WordNet
poise
  1. n. a cgs unit of dynamic viscosity equal to one dyne-second per square centimeter; the viscosity of a fluid in which a force of one dyne per square centimeter maintains a velocity of 1 centimeter per second

  2. a state of being balanced in a stable equilibrium

  3. great coolness and composure under strain; "keep your cool" [syn: aplomb, assuredness, cool, sang-froid]

  4. v. be motionless, in suspension; "The bird poised for a few moments before it attacked"

  5. prepare (oneself) for something unpleasant or difficult [syn: brace]

  6. cause to be balanced or suspended

  7. hold or carry in equilibrium [syn: balance]

Wikipedia
Poise

The poise (symbol P, ) is the unit of dynamic viscosity in the centimetre gram second system of units. It is named after Jean Léonard Marie Poiseuille.


1 P = 0.100 kg ⋅ m ⋅ s = 1 g ⋅ cm ⋅ s

The analogous unit in the International System of Units is the pascal second (Pa·s):


1 Pa ⋅ s = 1 kg ⋅ m ⋅ s = 10 P

The poise is often used with the metric prefixcenti- because the viscosity of water at 20°C is almost exactly 1 centipoise. A centipoise is one one-hundredth of a poise, and one millipascal-second (mPa·s) in SI units. (1 cP = 10 Pa·s = 1 mPa·s)

The centipoise is properly abbreviated cP, but the alternative abbreviations cps, cp, and cPs are also commonly seen.

Water has a viscosity of 0.00899 poise at 25 °C and a pressure of 1 atmosphere. (0.00899 P = 0.899cP = 0.899 mPa·s)

Usage examples of "poise".

She was always so self-contained, so immaculate, so perfectly poised and turned out that his need to see her with her mouth swollen after love, her hair tangled by his fingers, her eyes languorous and heavy, her breathing quickened, sharp and desirous, was sometimes so great that he ached to reach out and take hold of her.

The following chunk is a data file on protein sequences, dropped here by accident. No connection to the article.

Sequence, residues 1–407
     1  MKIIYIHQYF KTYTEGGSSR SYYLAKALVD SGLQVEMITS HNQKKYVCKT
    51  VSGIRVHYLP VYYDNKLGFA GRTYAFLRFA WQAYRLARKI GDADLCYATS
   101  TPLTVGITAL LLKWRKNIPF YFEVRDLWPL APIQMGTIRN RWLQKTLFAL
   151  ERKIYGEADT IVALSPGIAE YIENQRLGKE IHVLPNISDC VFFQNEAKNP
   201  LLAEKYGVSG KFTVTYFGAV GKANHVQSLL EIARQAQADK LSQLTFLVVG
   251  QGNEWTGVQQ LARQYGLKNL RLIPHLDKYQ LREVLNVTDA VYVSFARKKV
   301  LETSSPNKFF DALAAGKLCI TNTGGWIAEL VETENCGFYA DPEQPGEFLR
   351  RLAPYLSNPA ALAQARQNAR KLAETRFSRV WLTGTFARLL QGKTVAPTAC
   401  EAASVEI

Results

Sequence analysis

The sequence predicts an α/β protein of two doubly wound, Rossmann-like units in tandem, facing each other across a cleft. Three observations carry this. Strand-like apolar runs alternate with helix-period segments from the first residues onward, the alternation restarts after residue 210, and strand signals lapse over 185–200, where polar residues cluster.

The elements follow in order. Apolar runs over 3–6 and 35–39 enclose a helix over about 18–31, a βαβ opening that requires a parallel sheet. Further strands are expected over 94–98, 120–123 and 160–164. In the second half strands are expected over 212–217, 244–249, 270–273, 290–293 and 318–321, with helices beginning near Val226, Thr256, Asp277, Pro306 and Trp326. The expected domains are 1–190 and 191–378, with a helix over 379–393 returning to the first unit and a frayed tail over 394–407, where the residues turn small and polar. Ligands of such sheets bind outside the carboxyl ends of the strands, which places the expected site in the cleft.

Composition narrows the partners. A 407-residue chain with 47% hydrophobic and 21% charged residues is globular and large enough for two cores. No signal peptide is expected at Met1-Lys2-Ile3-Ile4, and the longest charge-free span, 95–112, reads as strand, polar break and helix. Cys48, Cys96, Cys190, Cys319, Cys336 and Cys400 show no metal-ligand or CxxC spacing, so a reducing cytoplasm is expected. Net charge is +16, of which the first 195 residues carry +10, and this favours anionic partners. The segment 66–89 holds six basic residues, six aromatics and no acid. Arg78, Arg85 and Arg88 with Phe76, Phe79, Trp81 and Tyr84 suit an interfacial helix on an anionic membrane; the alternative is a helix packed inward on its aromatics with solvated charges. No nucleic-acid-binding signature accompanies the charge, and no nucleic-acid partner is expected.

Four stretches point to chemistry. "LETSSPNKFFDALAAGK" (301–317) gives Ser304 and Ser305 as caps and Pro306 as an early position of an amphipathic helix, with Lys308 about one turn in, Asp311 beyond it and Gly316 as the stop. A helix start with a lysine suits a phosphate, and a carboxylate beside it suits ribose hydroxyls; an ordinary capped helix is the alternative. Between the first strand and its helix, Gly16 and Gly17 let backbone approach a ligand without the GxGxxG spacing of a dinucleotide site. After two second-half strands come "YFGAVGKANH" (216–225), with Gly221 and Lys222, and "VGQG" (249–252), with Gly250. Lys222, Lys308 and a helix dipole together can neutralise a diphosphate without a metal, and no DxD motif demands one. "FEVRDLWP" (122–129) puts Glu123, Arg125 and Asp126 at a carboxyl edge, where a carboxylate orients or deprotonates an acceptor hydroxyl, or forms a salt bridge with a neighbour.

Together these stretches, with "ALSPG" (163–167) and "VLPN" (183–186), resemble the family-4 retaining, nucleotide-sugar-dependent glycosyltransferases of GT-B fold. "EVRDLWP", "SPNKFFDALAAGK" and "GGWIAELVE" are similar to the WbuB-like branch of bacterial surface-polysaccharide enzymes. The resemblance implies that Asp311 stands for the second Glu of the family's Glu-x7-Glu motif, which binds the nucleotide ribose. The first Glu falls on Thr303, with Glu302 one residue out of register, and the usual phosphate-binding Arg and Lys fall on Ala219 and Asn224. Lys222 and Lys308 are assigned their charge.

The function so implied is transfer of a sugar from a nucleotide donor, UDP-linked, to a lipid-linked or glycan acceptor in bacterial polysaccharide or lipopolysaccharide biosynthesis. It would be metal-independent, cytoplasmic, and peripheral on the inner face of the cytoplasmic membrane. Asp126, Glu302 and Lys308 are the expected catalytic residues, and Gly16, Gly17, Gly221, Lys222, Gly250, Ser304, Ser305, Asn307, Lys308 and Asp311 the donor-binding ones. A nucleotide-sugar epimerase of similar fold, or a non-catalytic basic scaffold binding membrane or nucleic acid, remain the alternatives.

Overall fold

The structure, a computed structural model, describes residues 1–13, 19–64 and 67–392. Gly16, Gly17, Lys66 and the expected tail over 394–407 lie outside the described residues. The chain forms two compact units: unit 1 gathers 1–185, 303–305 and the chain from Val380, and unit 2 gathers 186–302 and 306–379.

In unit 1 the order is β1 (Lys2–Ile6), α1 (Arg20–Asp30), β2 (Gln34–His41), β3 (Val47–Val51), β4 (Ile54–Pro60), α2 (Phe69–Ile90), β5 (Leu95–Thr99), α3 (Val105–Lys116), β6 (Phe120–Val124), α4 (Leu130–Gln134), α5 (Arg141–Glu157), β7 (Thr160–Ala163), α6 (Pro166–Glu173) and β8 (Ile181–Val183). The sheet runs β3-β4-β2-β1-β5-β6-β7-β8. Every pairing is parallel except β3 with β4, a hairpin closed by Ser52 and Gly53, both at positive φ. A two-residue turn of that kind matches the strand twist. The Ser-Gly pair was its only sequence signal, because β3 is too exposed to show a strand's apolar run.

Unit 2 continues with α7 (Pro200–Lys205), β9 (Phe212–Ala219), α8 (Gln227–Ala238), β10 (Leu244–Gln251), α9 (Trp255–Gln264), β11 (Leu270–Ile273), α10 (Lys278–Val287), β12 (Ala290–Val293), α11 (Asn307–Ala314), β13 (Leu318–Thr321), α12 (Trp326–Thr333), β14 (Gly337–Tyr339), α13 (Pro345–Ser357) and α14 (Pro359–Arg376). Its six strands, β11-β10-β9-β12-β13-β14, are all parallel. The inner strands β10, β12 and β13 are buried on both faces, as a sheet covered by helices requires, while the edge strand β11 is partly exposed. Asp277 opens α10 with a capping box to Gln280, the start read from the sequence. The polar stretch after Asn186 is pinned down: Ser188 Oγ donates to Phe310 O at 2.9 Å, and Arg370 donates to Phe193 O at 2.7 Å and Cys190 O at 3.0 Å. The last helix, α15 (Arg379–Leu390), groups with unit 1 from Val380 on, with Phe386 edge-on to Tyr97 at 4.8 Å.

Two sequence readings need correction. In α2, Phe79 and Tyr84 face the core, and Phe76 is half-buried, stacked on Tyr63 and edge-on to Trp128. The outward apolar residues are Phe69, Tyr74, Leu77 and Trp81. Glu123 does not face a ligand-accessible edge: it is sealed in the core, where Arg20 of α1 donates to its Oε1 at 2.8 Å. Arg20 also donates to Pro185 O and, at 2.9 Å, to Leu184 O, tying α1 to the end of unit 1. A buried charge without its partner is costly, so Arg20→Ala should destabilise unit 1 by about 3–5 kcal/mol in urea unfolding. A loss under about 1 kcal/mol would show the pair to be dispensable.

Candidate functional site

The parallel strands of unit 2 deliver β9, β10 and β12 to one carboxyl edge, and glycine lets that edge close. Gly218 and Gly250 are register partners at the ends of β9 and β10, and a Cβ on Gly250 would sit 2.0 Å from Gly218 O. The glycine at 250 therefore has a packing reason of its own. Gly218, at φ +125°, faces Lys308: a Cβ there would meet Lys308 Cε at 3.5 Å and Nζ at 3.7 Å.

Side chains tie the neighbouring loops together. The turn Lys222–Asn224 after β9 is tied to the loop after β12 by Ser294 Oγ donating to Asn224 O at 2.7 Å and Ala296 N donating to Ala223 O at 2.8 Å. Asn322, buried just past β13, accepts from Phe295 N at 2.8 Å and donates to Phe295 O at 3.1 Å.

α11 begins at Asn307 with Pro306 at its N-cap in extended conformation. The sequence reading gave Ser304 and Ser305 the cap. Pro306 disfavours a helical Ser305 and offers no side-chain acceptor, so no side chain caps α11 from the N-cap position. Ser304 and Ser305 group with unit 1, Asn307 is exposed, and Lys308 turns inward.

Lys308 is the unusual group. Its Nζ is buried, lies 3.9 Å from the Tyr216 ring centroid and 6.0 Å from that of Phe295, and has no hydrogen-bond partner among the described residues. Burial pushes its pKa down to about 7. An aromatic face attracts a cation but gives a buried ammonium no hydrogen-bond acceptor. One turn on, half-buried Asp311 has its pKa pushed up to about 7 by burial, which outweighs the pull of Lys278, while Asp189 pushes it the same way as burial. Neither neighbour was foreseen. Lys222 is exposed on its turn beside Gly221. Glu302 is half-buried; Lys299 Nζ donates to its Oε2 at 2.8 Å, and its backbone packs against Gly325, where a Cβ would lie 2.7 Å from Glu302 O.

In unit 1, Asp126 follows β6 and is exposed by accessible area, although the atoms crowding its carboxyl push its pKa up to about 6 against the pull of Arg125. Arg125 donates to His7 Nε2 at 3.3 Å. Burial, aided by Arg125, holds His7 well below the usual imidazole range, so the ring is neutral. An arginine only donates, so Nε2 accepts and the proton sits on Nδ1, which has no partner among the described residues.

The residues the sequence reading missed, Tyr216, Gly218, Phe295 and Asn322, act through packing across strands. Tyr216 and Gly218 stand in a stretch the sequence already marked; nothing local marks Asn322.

Clodius Afer asked in a cautionary tone, the helmet poised between his palms and the hinged cheek pieces flopping over the backs of his hands.

In the dingy little dining-room of the Albergo Monte Gazza, a mountain inn miles from anywhere, situation arduous for walkers and pointless for cars, tariff humanely adjusted to the purses of the penniless, his poise and finish made him a grotesque.

Still poised to run, Alec took a wary look back and realized his mistake.

There a snake was poised, not coiled, not menacing to strike, simply waiting, with round head alift and trembling tongue.

NORMALLY, Renz was a man of poise, while Alker was inclined to be nervous.

Even then, among the debris with smuts all over his face, he still retained his poise.

Grand Dame Alpha, stalking through the wolves with a strength and poise that Michael would never have imagined, considering her age.

The grosbeak sang on, a big Turnus butterfly sailed through the arbour and poised over the table.

And, last of those I knew well, Tamor the Armiger, Towering Tamor, poised upon the balls of his feet as though about to take flight, Grandfather Tamor, strong and dependable, quick in judgment, instant in action.

CHAPTER ONE BIG JOE, the tiger cat, poised for another playful spring at the tangle of cod line Asey Mayo was patiently unwinding in the woodshed of his Cape Cod home, abruptly changed his mind in mid - air.

Deep-piled and incredibly soft was the blue floor cloth beneath our feet, platforms large and small standing in many places upon it, slaves both male and female astand beside and about them, in the shadows, poised ever ready to be commanded to their tasks.

Occasionally they darted sidelong glances at the Baptist, shaking and nodding their heads as they spoke, but striving to maintain their poise.

Ollia Bekke poised tense and trembling, and with the first lick of blood-colored lightning from her Globe a slick of sweat shone on her brow.

The mind-calming Bene Gesserit regimen his mother had taught him kept him poised, ready to expand any opportunity.